A Visit to the Land of Darkness aka North Korea
On December the 2nd, the students of the “Profil Englisch Kurs”, visited a lecture by South Korean writer Suki Kim about going undercover in North Korea at the DAZ in Stuttgart (Deutsch-Amerikanisches Zentrum). She talked about what she did and discovered. Suki then gave an interview and afterwards answered our questions.
At the beginning she talked about North Korea in general and showed a night satellite photo of the two Koreas. The whole of South Korea seems to be as bright as day even from 500 km above, North Korea is pitch-black (see photo). Suki Kim explained how hard it was to go undercover in North Korea and what she needed to do to get inside. She explained the situation in North Korea and how much of a show the politicians put up. They are completely isolated from the rest of the world and all they see is the “Great Leader”. They even have a hymn about him, how great he is and how much they worship him. Everything the citizens do is monitored, which leads to fear. They have almost no electricity and no internet even though they are in the 21st century.
She then told us about what she had to do to get undercover. An organisation helped her become a christian teacher at an elite university. So she had to pretend to be christian and a teacher. The students were sons of the politicians, so they are basically puppets of the system. The citizens themselves are also spying on each other and reporting everything back. That’s why Suki had to be extra careful since she was recording everything and saving it on an USB-Stick around her neck. She also wrote a book when she was there, which was saved on her computer, but it was hidden in her school assignment files.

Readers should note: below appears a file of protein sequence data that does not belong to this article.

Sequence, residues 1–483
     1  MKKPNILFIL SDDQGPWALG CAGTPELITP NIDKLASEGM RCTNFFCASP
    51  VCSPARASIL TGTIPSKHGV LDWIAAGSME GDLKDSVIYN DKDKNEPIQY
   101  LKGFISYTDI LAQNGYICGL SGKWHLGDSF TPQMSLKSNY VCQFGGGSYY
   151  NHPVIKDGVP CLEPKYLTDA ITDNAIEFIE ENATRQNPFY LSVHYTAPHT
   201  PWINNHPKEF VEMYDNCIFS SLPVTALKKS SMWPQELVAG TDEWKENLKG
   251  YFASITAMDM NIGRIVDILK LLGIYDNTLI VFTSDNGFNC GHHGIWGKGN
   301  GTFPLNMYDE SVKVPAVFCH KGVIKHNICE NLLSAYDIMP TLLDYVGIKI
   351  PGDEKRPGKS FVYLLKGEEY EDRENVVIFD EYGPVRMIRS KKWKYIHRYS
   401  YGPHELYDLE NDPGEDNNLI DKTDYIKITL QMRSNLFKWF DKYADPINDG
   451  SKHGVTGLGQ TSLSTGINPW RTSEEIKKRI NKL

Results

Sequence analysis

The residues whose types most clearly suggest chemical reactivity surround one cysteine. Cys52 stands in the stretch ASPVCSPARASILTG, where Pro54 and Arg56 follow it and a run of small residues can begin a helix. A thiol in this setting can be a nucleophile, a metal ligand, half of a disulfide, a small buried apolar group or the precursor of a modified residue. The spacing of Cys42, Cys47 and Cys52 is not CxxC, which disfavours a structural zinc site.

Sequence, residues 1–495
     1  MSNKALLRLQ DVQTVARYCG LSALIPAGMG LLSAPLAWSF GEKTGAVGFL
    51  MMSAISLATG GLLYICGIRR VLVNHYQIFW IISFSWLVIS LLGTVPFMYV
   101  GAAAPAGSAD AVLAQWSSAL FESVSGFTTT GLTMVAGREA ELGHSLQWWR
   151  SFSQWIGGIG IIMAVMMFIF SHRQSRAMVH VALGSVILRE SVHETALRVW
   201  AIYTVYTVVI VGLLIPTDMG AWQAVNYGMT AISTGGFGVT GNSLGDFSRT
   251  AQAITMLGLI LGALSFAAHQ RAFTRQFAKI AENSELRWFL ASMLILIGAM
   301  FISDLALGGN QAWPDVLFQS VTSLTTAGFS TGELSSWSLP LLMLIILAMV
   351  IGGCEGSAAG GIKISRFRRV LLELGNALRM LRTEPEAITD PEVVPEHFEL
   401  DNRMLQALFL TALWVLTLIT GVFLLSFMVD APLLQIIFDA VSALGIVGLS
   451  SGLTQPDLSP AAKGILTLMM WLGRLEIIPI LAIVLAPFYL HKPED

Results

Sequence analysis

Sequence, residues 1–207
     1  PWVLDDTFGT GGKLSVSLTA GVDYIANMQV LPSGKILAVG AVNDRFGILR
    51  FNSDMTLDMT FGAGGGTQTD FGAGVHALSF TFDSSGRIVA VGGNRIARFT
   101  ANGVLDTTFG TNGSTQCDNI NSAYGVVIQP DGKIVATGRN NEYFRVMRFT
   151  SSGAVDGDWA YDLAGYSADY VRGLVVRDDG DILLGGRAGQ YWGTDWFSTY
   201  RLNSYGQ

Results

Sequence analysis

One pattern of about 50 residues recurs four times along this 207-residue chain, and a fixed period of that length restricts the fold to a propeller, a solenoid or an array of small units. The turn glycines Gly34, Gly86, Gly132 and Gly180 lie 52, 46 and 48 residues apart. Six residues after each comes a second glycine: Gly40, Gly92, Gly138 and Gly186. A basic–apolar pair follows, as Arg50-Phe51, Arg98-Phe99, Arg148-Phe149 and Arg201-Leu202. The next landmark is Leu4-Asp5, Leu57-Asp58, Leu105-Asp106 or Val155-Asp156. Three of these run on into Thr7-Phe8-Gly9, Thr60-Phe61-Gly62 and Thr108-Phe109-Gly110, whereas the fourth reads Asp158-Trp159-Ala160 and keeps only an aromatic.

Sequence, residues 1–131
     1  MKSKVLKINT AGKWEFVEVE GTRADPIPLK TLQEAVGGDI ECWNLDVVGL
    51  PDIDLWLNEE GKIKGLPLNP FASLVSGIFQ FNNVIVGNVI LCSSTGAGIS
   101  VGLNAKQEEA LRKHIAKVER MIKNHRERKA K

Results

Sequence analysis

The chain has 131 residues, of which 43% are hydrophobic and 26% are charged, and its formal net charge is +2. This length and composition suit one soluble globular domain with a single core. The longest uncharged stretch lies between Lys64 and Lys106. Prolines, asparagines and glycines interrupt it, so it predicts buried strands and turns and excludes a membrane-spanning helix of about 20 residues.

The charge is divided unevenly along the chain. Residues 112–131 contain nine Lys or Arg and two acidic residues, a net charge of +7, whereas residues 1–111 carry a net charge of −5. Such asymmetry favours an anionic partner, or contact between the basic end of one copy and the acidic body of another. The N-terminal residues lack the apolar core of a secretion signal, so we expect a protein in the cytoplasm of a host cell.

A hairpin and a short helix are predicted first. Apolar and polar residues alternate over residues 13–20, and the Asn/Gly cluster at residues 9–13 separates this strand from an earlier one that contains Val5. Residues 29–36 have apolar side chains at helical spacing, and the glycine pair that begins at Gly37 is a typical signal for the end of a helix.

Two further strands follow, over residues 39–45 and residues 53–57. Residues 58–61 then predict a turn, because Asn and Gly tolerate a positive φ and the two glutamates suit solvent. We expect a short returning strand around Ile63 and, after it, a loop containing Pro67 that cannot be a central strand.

After the lecture she was interviewed by a journalist of the Spiegel magazine. The interviewer and Suki already knew each other, because they’ve been in North Korea together for a short time. In the interview he asked her to further explain her situation and her fears. That’s where they talked about their “minders” who were watching them constantly. A “minder” is a North Korean government official, every visitor is supervised by a “minder”. He told them what they were and weren’t allowed to do. For example, you are not even allowed to point at a statue of the great leader. The “minder” told her she had to form her hands like she was begging or praying, because the great leader is their religion and there is no other religion allowed.
Last but not least we were allowed to ask questions. One of the questions, asked by a student from the Kerschensteinerschule, was if she thought it was paradox that the country itself claims to be an union, but actually keeps destroying its core by making the people spy on each other and dividing families. Her answer was that everything they do is for show and for controlling purposes. Another question by an another student of the same school was if she liked some of the experiences in North Korea, if there was anything positive about the whole thing. She answered that she developed a motherlike feeling for her students.
To sum it up: North Korea is a country that brainwashes its citizens, is slowly falling apart but still manages to keep the dictatorship alive. Everyone there lives in fear, isolated from the rest of the world. Sadly, even though we know what is going on, we can´t help the people of North Korea.
Ein Bericht von Manuella Petkovic, Selin Mecit und Rafaela Kesoglou.